Hotelier coalition calls on industry to make modern slavery top priority
A coalition of hospitality firms with a collective annual turnover of more than £14bn is calling on the industry to drive change in supply chains by treating modern slavery as a critical corporate responsibility.
The Shiva Foundation, a corporate body of Shiva Hotels, convened hoteliers including Hilton, WGC and Bespoke Hotels to form the Stop Slavery Hotel Industry Network in 2016. The Network, members of which are involved with 6,000 properties and almost a quarter of a million staff members across 100 countries, has called on the wider industry to do more to tackle modern slavery in a new report released on Friday (9 March).
The report notes that there are approximately 115,000 human trafficking victims within the hospitality sector in Europe, of which 93,500 are sexually exploited. Around 7,000 workers are labour exploitation victims working in the industry.
The Shiva Foundation’s report has issued a call to arms for hoteliers to collaborate and use collective purchasing power to reward suppliers that have eradicated or show no signs of human rights abuses within their operations.
“With more than one in 10 people involved in hotels and hospitality around the world, the sector has the opportunity to take a strong stand on modern slavery,” Shiva Foundation’s director Meenal Sachdev said.
“To truly tackle the issues, we also need wider action from government, industry bodies, unions, civil society and customers. Together, we can provide freedom and equality to the many millions currently suffering from this abuse.”
Morality and hospitality
As well as calling on other hoteliers to join the network, the report recommends that firms be bolder in showcasing commitments to tackling modern slavery. Shiva Hotels, for example, displays modern slavery action plans in the lobbies of its hotels. The report also calls on all companies in the industry, regardless of size, to publish a modern slavery statement.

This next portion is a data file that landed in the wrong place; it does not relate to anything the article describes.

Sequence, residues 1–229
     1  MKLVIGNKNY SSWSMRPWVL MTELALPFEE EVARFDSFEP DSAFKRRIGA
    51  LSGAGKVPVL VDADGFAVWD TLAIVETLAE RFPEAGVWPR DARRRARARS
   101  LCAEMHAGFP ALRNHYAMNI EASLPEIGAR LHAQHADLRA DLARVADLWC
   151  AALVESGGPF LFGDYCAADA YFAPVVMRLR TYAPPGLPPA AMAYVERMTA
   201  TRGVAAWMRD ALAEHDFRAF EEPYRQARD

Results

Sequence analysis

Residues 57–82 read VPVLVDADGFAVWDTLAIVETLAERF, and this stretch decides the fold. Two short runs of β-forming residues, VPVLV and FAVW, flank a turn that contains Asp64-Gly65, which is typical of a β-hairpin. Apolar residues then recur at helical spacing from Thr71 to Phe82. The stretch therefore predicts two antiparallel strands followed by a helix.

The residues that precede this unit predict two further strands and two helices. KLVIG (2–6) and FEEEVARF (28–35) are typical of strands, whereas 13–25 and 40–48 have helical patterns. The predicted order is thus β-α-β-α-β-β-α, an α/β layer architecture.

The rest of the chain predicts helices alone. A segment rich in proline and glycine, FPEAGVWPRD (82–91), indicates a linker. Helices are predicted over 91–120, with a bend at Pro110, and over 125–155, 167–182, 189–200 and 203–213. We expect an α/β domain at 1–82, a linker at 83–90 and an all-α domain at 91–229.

Last year, Shiva Hotels rolled-out an “industry-leading” anti-slavery programme across five of its properties, including the Kingsway Hall hotel in Covent Garden and the Hilton London at Heathrow Airport Terminal 5.
At a policy level, the report calls for governments to bring key stakeholders together to accelerate action, while labour market regulators should also raise ambitions.
The UK’s Independent Anti-Slavery Commissioner Kevin Hyland added: “Taking action on modern slavery and human trafficking is not just a moral obligation – it makes good business sense. Forced labour in company operations or supply chains has the potential to disrupt business, weaken investor confidence and cause significant brand damage.”
“The hotel and hospitality sector has the opportunity to show real leadership and strength in tackling modern slavery, but there is still a way to go to ensure a comprehensive and consistent response. I urge all business leaders join this fight, so we can ensure that addressing slavery becomes the norm, rather than the exception.”
The International Labour Organisation (ILO) estimates that human trafficking is the third-largest illicit moneymaking venture in the world – generating around $150bn each year.
UK businesses, or those that supply goods or services to the UK, have an extra incentive to focus on modern slavery. The UK Modern Slavery Act is the first piece of UK legislation – and the first in Europe – to focus on prosecuting and preventing acts of modern slavery in supply chains.
Despite the UK Modern Slavery Act entering into force in 2015, a report one year on found that business efforts to address modern slavery were being hindered by supply chain complexity.
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